Barbados National Bank Officially Dead

BNB Logo

BNB Logo

Republic Bank (RBL) recently rebranded Barbados National Bank (BNB) with the Republic Bank blue. It pained many Barbadians to witness WE bank sold to “others” and it pained further when the BNB brand was dismantled and replaced with RBL’s. If it WAS any consolation, central government and the NIS owned a minority shareholding which gave hope that the holding may have served as an avenue to reclaim the bank at some point in the future. Sad to say, wishful thinking!

The recent offer by RBL to purchase minority shares was successful. According to 187 of the Companies Act because 90% of the offer was taken up, it gives RBL the right to acquire ALL dissenting shares.

The letter attached dated 17 December 2012 confirms RBL’s intention to invoke that right pursuant to the Companies Act. By the end of the year RBL in all likelihood become the100% owner of the former BNB.

Here endeth a national symbol.

Notice to Dissenting RBL Shareholders:

Letter one, two and three.

Notes From a Native Son: Are Cross-border Banks Giving Barbadians Good Service?

Hal Austin

Republic Bank, in a brave move, has announced its intention of taking the former Barbados National Bank in to wholly-owned control. The announcement has led to a muted discussion among some Barbadians, with the professor of economics at Cave Hill, Michael Howard, ‘advising’ local shareholders to sell to the foreign owners.

Apart from the principle of clean hands, the professor’s advice, which also includes keeping the local subsidiary out of the hands of the government, appears to lack any real understanding of banking and its role in intermediation and, even more, economic growth. It is silly advice and should be ignored. Of course, there is no doubt that Republic Bank has behaved impeccably in its dealings both with the Barbados Stock Exchange and investors, but with other unscrupulous operators there is every opportunity in such a move to undermine shareholder value. Is the acquisition going to create value? What about cultural differences, or are they saying Barbadians and Trinidadians share a common culture? What stress and prudence tests have been applied? Retailing banking has reached such a comfortable state in the Caribbean that it is difficult to find common performance measures of success.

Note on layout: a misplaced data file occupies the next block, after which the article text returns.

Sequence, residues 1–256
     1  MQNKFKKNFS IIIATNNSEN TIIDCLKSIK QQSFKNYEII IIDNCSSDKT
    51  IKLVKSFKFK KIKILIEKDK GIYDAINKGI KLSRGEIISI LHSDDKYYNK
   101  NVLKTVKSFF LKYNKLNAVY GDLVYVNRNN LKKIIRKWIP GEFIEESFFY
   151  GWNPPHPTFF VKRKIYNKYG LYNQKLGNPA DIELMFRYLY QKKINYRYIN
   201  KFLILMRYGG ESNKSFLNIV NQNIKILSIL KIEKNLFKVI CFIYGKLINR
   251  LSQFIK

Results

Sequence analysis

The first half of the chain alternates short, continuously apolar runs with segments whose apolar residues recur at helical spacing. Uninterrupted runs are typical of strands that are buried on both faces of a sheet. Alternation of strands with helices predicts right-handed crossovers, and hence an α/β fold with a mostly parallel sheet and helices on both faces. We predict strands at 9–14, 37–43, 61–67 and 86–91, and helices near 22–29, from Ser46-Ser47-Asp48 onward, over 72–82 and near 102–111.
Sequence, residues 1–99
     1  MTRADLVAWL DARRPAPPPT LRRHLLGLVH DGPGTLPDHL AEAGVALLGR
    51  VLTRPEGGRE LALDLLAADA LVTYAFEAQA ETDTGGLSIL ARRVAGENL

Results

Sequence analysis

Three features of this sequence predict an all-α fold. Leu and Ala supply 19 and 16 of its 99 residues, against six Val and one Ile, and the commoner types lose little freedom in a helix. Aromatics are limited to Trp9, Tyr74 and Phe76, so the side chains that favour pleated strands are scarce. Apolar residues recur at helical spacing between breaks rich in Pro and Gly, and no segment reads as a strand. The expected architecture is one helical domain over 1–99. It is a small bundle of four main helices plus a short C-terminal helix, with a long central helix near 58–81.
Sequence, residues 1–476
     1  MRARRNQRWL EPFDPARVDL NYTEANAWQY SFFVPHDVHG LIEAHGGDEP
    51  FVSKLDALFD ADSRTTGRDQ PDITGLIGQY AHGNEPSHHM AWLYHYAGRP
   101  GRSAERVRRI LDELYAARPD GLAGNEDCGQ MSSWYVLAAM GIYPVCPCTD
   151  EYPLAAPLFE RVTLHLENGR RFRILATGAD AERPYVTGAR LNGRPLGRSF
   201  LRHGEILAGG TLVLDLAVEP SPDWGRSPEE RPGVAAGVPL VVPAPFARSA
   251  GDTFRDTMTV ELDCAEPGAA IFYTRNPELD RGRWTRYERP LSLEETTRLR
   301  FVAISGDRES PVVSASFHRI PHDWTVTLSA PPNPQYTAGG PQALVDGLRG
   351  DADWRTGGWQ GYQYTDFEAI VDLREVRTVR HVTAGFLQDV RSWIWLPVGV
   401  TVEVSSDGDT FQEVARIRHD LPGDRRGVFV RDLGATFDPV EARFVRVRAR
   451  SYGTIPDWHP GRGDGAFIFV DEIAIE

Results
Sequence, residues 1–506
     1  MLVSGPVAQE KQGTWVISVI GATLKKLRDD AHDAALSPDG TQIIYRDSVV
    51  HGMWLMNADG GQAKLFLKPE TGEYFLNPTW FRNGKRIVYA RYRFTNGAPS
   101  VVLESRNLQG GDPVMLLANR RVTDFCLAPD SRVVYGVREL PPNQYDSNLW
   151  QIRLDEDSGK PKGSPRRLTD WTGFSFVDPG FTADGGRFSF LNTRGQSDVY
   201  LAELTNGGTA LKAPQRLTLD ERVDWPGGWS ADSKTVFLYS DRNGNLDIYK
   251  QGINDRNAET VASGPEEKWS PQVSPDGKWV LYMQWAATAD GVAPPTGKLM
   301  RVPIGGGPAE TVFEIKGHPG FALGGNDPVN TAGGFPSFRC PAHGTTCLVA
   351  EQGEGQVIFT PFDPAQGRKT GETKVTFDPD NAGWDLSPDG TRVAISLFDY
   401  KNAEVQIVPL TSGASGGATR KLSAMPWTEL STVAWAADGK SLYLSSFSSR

We know, for example, that customer satisfaction is not a measure shared by the former BNB, since Republic Bank neither formally informed all its account holders when it took control of the bank, when it changed its name, nor of its intention to buy out minority shareholders. In simple terms, it could not give a hoot what Barbadian shareholders think about their management style.

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Barbados Government Maybe Selling Barbados National Bank Shares Below Premium

Tony Hoyos

Mr. Minister [Chris Sinckler], as individuals own less than 10% of the BNB shares, you are negotiating for all of us on this occasion.  Please do not sellout the Barbadians that have small shareholdings.  There is no reason why you should not seek the best price for the Government and people of Barbados.  At a minimum, seek competitive bids from other entities.  We look forward to your support, in what is your first major action that will impact us.  Thanking you in advance – A. Freeman


The resignation of Tony Hoyos from the Board of Directors of the Barbados National Bank (BNB) should should concern Barbadians. Hoyos’ letter of resignation was posted on Peter Boyce’s Facebook Page earlier today.

A full page statement was posted in the local press today by Republic Bank (BNB’s parent company) signalling it will be making an offer to buyout the remaining shareholders in BNB. An article also appeared in the Trinidad press yesterday. Currently Republic Bank Limited (RBL) owns 65.13% of BNB, the government of Barbados 28% and individuals 7% round out the ownership.

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What Buy What BNB What?!?

Submitted by Bush Tea

barbadosnationalbankOK, I admit that Bush Tea is a freak that suffers from strange brain waves and, like some living at a certain place in Black Rock, cannot be relied on to have rational opinions. But cud dear, even in such a state Bush Tea is challenged to understand why we would want to buy back the BNB.

Admittedly, we should never have sold it in the first place. But having sold the thing – and it seems like the buyers were happy, we were happy, everybody was happy – now I am hearing all sorts of big-up bright people talking about finding hundreds of millions of dollars to buy it back?!?

WHAT THE  ????!!!

A fool and his money are soon parted. Here we have a small country that produces NOTHING. Have no natural resources. Facing difficulties ahead – and from the Prime Minister back talking about spending precious money buying something like BNB???

These people really ‘outside’ the fence at Black Rock?

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